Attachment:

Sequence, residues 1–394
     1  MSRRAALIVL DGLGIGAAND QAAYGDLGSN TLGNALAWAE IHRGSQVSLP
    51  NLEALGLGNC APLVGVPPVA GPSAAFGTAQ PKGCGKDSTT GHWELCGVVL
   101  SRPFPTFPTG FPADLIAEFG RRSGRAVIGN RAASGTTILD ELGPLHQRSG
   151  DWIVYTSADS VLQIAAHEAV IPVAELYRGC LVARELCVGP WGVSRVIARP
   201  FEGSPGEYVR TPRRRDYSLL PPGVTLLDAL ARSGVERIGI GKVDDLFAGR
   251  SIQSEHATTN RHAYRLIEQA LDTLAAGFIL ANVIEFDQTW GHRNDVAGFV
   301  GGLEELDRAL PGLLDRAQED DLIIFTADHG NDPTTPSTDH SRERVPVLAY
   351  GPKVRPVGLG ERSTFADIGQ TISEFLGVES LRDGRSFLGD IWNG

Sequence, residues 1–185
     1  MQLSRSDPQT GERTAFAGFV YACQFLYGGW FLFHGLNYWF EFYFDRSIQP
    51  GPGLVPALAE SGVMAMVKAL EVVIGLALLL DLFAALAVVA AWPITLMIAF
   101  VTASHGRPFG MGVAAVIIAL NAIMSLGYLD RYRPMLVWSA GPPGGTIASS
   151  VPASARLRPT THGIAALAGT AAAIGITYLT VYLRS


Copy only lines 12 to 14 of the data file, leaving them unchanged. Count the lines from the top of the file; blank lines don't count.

    51  GPGLVPALAE SGVMAMVKAL EVVIGLALLL DLFAALAVVA AWPITLMIAF
   101  VTASHGRPFG MGVAAVIIAL NAIMSLGYLD RYRPMLVWSA GPPGGTIASS
   151  VPASARLRPT THGIAALAGT AAAIGITYLT VYLRS